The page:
Making Big Decisions
Making big decisions as a couple in ministry is risky. Precarious. Scary.
Recently, my wife and I stepped away from a church we started in our home. Although the church did not experience huge growth while we were there, many lives were changed. We were able to purchase property from another church, bringing a sense of stability and future longevity to the ministry. After 10 years of arduous work and sacrificial service, we sensed that the church would do better with new leadership.
Without having another position, we stepped away from the ministry and handed the reins of leadership over to a new pastor. It was a BIG decision with potentially huge and negative ramifications for our family—with our loss of income being the most sobering reality.
Decisions Encourage Our Faith
Although the decision is still too recent to say with absolute certainty, God has seemingly blessed and honored our decision to step away. The church is going in a better direction and reaching more people. Even our family has been encouraged to see God provide and see Him as Jehovah Jireh.
Our faith has been strengthened.
Our decisions should do just that—encourage us in the faith. They should lead to an affirmation of who God is!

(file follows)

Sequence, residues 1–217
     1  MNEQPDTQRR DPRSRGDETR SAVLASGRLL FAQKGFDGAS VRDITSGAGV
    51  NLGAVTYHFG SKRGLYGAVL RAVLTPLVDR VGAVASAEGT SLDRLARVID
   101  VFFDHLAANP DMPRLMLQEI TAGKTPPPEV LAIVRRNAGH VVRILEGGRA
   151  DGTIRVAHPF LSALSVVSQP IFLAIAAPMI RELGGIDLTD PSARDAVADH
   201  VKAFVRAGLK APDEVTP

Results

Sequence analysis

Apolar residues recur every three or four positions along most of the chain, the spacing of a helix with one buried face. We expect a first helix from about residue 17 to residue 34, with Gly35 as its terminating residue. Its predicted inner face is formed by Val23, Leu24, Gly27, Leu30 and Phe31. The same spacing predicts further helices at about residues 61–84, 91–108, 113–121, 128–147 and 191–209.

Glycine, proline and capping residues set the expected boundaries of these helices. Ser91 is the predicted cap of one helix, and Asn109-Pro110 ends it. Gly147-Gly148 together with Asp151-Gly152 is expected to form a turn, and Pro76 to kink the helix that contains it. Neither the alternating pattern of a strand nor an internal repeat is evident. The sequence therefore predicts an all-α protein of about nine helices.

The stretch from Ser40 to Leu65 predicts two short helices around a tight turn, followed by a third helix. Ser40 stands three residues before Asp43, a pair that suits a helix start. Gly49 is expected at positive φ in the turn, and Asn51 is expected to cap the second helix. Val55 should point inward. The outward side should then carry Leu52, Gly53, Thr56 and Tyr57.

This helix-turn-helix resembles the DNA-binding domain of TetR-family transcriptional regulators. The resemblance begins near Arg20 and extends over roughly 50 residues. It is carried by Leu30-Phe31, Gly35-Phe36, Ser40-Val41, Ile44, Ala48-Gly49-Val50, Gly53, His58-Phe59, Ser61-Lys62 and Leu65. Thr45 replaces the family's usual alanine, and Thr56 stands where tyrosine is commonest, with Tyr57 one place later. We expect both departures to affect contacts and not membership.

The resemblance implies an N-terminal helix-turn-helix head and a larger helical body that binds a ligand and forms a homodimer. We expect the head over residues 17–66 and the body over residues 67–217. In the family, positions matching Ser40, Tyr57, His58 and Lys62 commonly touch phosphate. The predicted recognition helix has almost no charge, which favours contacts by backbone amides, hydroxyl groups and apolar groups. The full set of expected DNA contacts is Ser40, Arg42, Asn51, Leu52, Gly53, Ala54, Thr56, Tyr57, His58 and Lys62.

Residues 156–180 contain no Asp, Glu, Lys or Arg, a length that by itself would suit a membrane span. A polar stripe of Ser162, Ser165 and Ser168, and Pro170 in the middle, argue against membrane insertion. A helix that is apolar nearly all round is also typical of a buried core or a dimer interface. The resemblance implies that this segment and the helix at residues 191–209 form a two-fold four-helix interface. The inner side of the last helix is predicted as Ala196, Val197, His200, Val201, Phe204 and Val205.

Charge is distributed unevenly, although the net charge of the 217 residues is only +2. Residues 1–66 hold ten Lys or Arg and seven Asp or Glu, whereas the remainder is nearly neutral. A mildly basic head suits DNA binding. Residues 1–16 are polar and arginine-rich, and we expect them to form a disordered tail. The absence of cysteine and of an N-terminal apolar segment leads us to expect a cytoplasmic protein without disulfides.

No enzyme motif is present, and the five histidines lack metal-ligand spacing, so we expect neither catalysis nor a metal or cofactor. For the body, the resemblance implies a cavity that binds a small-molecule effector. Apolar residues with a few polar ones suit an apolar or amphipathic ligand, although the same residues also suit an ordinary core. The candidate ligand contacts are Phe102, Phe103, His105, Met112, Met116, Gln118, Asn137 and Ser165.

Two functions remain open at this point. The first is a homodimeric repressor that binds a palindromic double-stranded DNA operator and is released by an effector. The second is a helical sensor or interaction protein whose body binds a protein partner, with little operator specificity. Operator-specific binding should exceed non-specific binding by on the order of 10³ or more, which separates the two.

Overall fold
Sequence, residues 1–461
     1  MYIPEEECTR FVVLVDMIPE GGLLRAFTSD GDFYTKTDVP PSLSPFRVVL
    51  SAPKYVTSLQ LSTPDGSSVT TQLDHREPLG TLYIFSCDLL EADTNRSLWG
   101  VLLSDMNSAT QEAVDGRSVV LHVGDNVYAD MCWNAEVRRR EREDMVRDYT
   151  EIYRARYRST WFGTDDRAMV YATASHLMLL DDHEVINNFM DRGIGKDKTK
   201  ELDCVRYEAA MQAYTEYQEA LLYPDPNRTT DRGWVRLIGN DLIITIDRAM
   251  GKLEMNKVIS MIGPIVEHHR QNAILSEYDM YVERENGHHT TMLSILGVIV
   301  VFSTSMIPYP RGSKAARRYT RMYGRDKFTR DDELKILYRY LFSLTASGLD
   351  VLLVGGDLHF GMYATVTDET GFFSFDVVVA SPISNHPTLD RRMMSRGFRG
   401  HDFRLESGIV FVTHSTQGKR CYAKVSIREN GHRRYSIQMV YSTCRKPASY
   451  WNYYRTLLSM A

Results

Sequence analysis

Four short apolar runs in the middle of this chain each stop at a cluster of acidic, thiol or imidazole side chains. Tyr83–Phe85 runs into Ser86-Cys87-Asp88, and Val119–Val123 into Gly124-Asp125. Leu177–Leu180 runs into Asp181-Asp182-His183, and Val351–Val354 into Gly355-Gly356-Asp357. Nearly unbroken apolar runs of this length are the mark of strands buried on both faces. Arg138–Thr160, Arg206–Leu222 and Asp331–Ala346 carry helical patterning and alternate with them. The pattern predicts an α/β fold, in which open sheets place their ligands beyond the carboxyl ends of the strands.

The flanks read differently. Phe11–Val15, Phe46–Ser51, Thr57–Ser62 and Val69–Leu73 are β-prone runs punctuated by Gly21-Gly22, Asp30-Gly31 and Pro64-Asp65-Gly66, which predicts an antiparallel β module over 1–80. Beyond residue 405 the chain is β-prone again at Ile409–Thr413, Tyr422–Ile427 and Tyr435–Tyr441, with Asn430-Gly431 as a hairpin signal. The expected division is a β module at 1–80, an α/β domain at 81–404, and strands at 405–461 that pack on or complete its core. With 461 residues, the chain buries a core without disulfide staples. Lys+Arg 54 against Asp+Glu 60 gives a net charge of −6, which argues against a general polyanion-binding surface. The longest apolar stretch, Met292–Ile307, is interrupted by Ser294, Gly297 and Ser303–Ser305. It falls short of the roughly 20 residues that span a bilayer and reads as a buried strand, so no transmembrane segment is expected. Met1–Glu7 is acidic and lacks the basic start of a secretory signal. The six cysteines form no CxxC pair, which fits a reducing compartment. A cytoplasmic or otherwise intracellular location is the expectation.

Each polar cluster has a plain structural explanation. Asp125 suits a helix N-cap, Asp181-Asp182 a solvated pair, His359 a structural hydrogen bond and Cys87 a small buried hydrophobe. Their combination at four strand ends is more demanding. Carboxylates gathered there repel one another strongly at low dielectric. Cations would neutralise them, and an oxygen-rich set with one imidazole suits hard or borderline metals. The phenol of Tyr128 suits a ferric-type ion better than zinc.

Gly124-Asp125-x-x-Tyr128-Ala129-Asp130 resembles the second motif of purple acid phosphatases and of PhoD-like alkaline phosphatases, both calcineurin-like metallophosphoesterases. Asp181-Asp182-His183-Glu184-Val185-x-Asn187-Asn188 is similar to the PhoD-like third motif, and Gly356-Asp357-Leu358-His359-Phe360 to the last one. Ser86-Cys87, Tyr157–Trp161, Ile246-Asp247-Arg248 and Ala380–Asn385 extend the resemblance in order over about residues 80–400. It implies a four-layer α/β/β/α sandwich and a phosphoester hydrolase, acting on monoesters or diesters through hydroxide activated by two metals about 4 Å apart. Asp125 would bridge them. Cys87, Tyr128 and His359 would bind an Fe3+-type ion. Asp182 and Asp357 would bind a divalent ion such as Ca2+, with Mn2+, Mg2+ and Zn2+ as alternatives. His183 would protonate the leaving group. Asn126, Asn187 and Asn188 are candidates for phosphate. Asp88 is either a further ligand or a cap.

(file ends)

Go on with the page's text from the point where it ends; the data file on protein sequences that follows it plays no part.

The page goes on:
Whether it is stepping away from a ministry or deciding to start a family, life is full of big decisions. It is an inevitable part of the journey that every couple will experience.
The Most Important Thing We’ve Learned
Assuming both husband and wife are pursuing intimacy with God, the most important thing we have learned in making big decisions is the idea of agreement. The Bible rhetorically ask, “Can two walk together unless they have agreed to do so?” (Amos 3:3).
From past decisions, I have learned the hard way that my wife and I need to wait for God to clarify the direction He wants us to go—for both of us—before we move. Clarity will be accompanied by agreement—agreeing on the direction. Some of the most unwise decisions we have made were when one of us disagreed about the direction.
Agreement is crucial.
Through nearly 30 years of matrimony (most of it holy), my wife and I have learned that our best us happens when we give God time to bring clear direction. Please understand that “clear” direction does not mean all questions are answered or that God removes all uncertainty.
It simply means He has settled a direction in both of your hearts and minds. The affirmation of that direction will be an agreement between the two of you—you will be on the same page. You will agree on the next step. No division.
An Absence of Tension
You will be able to talk about it and not argue. There will be an absence of tension. It will not be a sore subject. It doesn’t mean you won’t be scared or apprehensive—or even be tempted to act out of that fear. But regardless of how you feel, you’ll know deep down that is the way you should go.
Take the time as a couple to come to a place of agreement. Don’t drag your spouse kicking and screaming because God “told you to”. Listen. Talk through all the concerns and fears. And most of all, pray. Seek God both for direction and peace—both individually and as a couple.
Scott Beasley came to faith in Christ in 1985. He has been married to Lisa since 1988. They have four boys and a daughter in Heaven.
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